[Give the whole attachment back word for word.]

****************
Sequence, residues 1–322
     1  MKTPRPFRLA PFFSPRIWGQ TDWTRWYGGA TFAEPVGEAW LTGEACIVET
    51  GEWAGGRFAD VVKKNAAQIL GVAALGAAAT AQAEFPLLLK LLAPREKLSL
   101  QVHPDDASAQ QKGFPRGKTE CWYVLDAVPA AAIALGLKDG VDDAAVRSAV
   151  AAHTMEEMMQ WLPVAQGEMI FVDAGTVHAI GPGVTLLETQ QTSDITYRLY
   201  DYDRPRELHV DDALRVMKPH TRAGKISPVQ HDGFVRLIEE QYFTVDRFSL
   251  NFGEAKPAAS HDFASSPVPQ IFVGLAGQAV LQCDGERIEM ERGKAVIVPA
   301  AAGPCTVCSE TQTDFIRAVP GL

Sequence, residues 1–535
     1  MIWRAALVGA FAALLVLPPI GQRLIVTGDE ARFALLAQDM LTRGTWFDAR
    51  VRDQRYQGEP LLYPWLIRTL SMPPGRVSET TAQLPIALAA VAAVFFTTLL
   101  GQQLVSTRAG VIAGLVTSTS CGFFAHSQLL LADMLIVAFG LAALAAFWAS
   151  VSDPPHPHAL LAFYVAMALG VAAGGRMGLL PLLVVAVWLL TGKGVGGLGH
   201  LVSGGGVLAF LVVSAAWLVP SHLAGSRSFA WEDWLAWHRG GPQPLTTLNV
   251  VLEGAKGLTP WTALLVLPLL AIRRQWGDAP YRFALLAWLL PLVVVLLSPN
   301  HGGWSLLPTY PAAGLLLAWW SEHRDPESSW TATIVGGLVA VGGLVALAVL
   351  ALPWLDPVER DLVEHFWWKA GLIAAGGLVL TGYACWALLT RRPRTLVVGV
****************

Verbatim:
Sequence, residues 1–322
     1  MKTPRPFRLA PFFSPRIWGQ TDWTRWYGGA TFAEPVGEAW LTGEACIVET
    51  GEWAGGRFAD VVKKNAAQIL GVAALGAAAT AQAEFPLLLK LLAPREKLSL
   101  QVHPDDASAQ QKGFPRGKTE CWYVLDAVPA AAIALGLKDG VDDAAVRSAV
   151  AAHTMEEMMQ WLPVAQGEMI FVDAGTVHAI GPGVTLLETQ QTSDITYRLY
   201  DYDRPRELHV DDALRVMKPH TRAGKISPVQ HDGFVRLIEE QYFTVDRFSL
   251  NFGEAKPAAS HDFASSPVPQ IFVGLAGQAV LQCDGERIEM ERGKAVIVPA
   301  AAGPCTVCSE TQTDFIRAVP GL

Sequence, residues 1–535
     1  MIWRAALVGA FAALLVLPPI GQRLIVTGDE ARFALLAQDM LTRGTWFDAR
    51  VRDQRYQGEP LLYPWLIRTL SMPPGRVSET TAQLPIALAA VAAVFFTTLL
   101  GQQLVSTRAG VIAGLVTSTS CGFFAHSQLL LADMLIVAFG LAALAAFWAS
   151  VSDPPHPHAL LAFYVAMALG VAAGGRMGLL PLLVVAVWLL TGKGVGGLGH
   201  LVSGGGVLAF LVVSAAWLVP SHLAGSRSFA WEDWLAWHRG GPQPLTTLNV
   251  VLEGAKGLTP WTALLVLPLL AIRRQWGDAP YRFALLAWLL PLVVVLLSPN
   301  HGGWSLLPTY PAAGLLLAWW SEHRDPESSW TATIVGGLVA VGGLVALAVL
   351  ALPWLDPVER DLVEHFWWKA GLIAAGGLVL TGYACWALLT RRPRTLVVGV